As with all really tough problems, there is no one answer. When we throw about everything we have (in systematic, persistent, and informed ways) at these misfortunes we stand a chance of uprooting even generations of deeply rooted dysfunction. Education is one of the proven remedies that needs to be applied.
As a gift for speaking at a meeting on work-life balance (not that I am a good example) held by the Harlem Cristo Rey High School, just before the semester started in September, I was given this book about the Cristo Rey High Schools, now 28 strong and growing throughout the United States. I knew about Cristo Rey, had visited its Harlem school, and long admired the work of its president, Joseph Parkes, SJ, a Jesuit priest and educator. But it was this book's pages that revealed that the success I saw at the gathering of faculty and staff was no accident, and that it could be replicated with discipline and "grit."
The Catholic essence of a Cristo Rey school is unqualified: Their mission embodies following the teachings of Christ. But just as a person need not be a Buddhist to follow his teachings, a student (faculty or staff) at a Cristo Rey school need not be a Catholic. A student, however, must come from a "disadvantaged" (read: living in poverty) family, be already behind in school, and uncertain about his or her future. Cristo Rey schools are about giving youth a chance to exit from a life that is short on opportunities to break the chain of misfortune they were born into. The teachings of Jesus the schools promote, by the way, are wonderfully catholic -- that is, universal. There is an unwavering faith in each person, no one is beyond reach (but not everyone can succeed); a loving God, not a punitive one, who urges caring for thy neighbor; and a palpable sense of duty, of giving to others and giving back when you can.
The first Cristo Rey high school was begun in Chicago in 1996. There are now 9,100 Cristo Rey students in 28 schools with a plan to grow to 20 schools by 2020. Of those currently enrolled, 96 percent are youth of color, with a little over half Hispanic and one-third African-American.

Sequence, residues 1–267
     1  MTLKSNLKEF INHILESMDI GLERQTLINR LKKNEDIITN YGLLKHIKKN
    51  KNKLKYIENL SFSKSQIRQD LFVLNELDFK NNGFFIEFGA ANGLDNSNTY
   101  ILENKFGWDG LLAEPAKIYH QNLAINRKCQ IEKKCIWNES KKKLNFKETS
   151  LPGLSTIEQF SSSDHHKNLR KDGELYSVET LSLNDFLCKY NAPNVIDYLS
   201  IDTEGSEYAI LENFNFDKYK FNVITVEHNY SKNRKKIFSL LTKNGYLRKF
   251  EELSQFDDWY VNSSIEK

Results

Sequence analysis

Ten principles serve as the credo for all Cristo Rey schools. These include that the school: is Catholic and "enjoys" Church approval; serves only disadvantaged students of various faiths and cultures; is involved with families and its community; prepares all students to enter (and graduate) college and requires they participate in the work-study program; is financially sound and at full enrollment; and is a responsible organization in a variety of basic ways.
Every one of their schools has a "corporate work program," which is integral to its financial and educational objectives. Up to 50 percent of a school's budget derives from the pay that students earn from day jobs at 2,000 companies, small and large, across this country. Teams of four students are hired to fulfill the duties, largely office work, of a full-time employee who would be paid $28,000 (including benefits) annually to do the work. Each student is on the job one day a week and they rotate Fridays. It appears that employers are satisfied since the vast predominance of them sign on for years. I would call the model "learning and earning." But this is no free ride. If a student does not shape up, he or she has a second chance. If "fired" twice the student is dismissed from the school. This is charitable work but is not a charity without expectations.
Educational experts, including Angela Duckworth and Paul Tough, have written that work study and environments of demand (with support) produce in youth the "soft skills" of teamwork, accuracy, and persistence. Students develop what has been called "grit" -- a good measure of which will stand us all well.
One hundred percent of Cristo Rey students are accepted into college. Far fewer graduate, a metric not lost upon those guiding the future of the schools. The schools are citadels of high expectations -- academically and for the character they intend to install. This is no mere slogan, from what I have seen. The students, teachers, leaders, and all others involved come early, work late, help each other, and create a community that serves and honors them all. The irony of the talk I gave was that those assembled were trying to balance what else was good in their lives with the work that gave them purpose and reward.
At this pre-school year gathering that I was privileged to attend, Father Parkes (who has been national coordinator of the Cristo Rey Network of High Schools) remarked that he often is asked how does he find the caliber of teachers, leaders, and administrators who work at Cristo Rey? He said, "they (including those assembled) find us." What a fine testimonial to how good people seek out opportunity and mission, even when it calls for sacrifice.
As this book's title suggests, the Cristo Rey schools are more than secondary education sites. They are a type of movement, a front that is advancing upon the bulwark of urban education. That's such a good thing, since what's at stake is the future of disadvantaged, aspiring youth whose destiny can be redirected in ways that celebrates them while serving their families and communities.
Dr. Sederer is a psychiatrist and public health physician. The views expressed here are entirely his own. He takes no support from any pharmaceutical or device company.